My journey began when I found the courage to leave my husband and come with my daughter to the Betty Griffin Center.
When we arrived, we were facing bigger barriers than most survivors: we spoke and understood very little English, and my daughter was deaf and had no way to communicate with others.
We came to this country as refugees, and I was seeking a better life and education for my daughter. I had never been employed, never had a bank account and lived away from my family. I was afraid that I may not be able to make it on my own and take care of my child.
Soon after we arrived at the shelter, I began to feel safe, supported and hopeful. I enrolled my daughter in school, found employment and began taking English and sign-language classes. I obtained my first bank account and learned how to use the public transit system.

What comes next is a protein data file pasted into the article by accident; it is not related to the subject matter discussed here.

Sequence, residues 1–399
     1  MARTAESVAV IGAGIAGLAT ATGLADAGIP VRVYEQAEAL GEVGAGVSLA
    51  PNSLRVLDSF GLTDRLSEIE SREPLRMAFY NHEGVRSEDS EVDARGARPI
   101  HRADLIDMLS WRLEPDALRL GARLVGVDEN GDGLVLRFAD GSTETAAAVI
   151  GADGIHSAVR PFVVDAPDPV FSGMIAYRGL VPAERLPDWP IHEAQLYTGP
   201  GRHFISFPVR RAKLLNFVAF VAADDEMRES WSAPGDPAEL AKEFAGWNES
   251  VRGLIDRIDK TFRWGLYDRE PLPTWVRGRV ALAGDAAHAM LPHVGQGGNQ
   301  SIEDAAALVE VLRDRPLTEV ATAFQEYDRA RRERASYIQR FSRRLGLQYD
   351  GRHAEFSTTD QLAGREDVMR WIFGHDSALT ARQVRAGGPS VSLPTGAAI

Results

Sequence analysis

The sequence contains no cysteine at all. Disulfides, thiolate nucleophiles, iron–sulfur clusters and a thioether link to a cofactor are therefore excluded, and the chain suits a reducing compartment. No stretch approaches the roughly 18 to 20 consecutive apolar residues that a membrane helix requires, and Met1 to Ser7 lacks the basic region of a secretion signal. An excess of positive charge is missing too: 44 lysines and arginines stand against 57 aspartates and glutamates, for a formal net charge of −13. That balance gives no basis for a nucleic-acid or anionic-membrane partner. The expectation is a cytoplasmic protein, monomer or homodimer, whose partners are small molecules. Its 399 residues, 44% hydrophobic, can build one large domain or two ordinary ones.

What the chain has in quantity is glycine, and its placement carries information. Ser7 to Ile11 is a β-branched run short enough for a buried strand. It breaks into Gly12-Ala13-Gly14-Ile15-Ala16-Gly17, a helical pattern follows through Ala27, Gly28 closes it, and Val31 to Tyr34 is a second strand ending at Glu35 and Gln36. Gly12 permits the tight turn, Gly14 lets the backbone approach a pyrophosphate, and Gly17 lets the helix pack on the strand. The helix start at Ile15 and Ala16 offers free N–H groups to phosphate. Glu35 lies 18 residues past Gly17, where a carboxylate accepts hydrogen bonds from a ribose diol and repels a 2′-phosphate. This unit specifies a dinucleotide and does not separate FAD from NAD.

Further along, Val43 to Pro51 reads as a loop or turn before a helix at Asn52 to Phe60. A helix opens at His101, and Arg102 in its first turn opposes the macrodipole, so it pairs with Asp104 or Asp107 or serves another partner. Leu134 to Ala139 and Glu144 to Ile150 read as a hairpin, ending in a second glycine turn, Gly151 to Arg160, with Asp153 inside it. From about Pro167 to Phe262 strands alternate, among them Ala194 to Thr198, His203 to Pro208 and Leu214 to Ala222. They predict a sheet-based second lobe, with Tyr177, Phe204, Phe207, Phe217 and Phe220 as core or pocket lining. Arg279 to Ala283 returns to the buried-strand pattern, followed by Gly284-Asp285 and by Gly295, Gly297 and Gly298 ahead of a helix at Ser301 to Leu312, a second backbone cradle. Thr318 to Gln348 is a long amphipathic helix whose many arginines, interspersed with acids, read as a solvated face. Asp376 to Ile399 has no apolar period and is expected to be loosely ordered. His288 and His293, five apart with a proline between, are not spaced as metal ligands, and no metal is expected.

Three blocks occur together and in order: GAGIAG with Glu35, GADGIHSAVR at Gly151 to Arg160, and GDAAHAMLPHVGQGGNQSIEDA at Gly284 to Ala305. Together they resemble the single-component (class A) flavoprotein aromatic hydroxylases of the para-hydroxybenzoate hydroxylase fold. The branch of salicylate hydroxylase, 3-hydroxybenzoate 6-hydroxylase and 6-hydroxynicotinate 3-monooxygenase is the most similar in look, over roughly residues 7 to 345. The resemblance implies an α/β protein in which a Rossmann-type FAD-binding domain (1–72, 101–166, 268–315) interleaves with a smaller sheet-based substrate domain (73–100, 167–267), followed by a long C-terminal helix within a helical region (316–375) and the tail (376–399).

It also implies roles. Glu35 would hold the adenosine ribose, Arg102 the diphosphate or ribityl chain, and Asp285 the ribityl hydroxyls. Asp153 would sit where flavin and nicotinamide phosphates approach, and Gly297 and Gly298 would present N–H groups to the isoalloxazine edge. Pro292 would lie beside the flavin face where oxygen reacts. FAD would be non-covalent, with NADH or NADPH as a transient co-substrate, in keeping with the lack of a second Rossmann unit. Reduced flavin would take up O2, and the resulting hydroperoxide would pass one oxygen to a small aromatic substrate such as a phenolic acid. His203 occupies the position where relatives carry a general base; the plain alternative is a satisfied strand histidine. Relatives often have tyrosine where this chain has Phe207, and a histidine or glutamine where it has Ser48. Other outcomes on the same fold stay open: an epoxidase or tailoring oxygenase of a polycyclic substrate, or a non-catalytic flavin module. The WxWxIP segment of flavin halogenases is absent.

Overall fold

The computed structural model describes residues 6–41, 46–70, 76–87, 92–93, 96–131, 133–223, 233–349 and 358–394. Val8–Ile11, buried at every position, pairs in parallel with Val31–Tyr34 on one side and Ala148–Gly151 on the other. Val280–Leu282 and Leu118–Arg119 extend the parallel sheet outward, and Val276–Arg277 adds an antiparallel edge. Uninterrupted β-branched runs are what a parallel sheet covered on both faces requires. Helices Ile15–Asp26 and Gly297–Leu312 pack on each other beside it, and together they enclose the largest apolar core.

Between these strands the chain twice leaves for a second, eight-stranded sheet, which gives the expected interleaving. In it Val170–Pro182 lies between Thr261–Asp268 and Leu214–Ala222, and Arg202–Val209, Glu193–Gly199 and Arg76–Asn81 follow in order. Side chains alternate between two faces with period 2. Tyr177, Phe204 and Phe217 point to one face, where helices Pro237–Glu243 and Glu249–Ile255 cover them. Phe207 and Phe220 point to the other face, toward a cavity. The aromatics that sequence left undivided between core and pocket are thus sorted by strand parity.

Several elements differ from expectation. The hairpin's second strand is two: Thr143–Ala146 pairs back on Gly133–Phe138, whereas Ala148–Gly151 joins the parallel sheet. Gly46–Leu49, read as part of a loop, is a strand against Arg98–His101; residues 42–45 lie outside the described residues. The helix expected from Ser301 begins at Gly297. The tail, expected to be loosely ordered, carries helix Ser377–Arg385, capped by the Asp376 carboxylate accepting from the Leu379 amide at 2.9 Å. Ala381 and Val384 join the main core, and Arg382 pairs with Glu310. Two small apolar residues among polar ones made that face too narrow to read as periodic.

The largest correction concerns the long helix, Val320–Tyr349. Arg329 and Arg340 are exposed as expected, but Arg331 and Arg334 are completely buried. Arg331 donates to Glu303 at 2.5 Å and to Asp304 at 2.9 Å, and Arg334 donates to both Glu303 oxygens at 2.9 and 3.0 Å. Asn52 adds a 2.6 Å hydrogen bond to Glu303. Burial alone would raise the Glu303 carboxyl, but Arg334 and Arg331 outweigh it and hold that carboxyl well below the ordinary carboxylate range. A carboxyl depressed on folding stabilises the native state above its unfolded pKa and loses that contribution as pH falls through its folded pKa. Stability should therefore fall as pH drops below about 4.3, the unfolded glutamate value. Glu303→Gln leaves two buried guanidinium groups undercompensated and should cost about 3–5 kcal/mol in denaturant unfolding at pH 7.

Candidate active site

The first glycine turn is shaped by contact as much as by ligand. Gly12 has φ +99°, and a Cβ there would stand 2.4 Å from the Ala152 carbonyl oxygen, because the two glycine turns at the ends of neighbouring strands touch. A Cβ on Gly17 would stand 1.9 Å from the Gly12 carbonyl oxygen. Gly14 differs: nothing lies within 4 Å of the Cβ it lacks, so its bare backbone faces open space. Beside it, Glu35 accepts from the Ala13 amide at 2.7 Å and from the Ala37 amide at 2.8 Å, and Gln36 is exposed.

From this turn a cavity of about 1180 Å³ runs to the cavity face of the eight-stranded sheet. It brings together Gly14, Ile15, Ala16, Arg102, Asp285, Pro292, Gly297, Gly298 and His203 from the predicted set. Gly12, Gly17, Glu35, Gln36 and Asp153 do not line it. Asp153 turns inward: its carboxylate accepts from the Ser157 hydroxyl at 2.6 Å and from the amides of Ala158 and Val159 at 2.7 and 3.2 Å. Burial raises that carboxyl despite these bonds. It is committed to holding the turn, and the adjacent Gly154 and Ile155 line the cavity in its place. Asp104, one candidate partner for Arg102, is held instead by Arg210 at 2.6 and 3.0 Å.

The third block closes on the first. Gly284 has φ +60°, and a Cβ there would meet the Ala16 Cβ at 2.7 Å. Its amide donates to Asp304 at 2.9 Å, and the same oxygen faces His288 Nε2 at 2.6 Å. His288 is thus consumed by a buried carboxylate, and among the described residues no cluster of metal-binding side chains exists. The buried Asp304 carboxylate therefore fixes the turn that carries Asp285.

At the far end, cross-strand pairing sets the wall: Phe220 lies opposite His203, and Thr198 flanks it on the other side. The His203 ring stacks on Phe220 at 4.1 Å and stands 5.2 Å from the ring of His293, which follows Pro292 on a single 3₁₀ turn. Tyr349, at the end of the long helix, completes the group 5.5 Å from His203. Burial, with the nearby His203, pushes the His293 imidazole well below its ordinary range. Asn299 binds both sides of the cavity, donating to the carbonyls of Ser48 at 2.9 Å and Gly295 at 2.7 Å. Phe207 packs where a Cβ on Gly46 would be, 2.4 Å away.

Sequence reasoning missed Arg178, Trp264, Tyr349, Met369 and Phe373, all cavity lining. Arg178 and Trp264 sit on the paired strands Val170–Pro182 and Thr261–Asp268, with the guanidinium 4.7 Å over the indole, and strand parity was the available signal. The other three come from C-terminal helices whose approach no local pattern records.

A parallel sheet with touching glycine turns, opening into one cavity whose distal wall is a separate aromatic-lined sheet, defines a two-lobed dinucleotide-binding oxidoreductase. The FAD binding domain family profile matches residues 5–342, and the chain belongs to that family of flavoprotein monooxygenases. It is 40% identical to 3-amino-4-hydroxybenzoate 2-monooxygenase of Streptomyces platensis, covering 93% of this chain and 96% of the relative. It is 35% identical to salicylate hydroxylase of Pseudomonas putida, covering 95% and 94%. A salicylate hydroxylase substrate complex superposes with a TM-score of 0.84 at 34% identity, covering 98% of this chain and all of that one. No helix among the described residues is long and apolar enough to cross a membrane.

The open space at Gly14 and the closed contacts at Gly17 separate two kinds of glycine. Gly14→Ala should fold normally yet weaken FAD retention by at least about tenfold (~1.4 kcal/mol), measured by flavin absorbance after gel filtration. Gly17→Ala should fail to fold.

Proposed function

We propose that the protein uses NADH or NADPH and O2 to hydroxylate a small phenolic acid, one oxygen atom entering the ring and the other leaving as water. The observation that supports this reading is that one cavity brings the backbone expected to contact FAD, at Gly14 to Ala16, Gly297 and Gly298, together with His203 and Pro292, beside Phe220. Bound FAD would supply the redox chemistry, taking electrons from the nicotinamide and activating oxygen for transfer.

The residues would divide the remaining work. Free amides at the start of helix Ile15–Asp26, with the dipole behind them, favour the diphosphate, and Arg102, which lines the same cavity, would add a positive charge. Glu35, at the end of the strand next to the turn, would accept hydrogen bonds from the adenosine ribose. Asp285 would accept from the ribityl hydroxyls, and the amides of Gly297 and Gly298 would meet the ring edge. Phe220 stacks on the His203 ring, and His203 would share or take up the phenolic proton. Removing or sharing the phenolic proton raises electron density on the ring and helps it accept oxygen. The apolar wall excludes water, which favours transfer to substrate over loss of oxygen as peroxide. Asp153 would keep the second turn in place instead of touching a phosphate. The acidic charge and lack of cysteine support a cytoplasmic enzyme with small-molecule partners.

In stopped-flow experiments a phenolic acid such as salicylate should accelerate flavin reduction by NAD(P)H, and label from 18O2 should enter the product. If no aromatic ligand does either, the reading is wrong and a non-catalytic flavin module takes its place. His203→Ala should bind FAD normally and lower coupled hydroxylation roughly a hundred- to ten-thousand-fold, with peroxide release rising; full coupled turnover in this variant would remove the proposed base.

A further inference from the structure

My daughter made great strides. She enjoyed going to school and quickly began to learn sign language, which allowed her to communicate with others for the first time in her life.
We were accepted into your transitional housing program. Afterward, I got my first driver’s license and purchased my first car. The program provided me with the support and stability I needed to pursue my dreams, and the time I needed to develop a sense of self-reliance and safety. With your help, we saved the money to move in to our first apartment.
My journey is ongoing. My dream now is to own my own home and see my daughter go to college.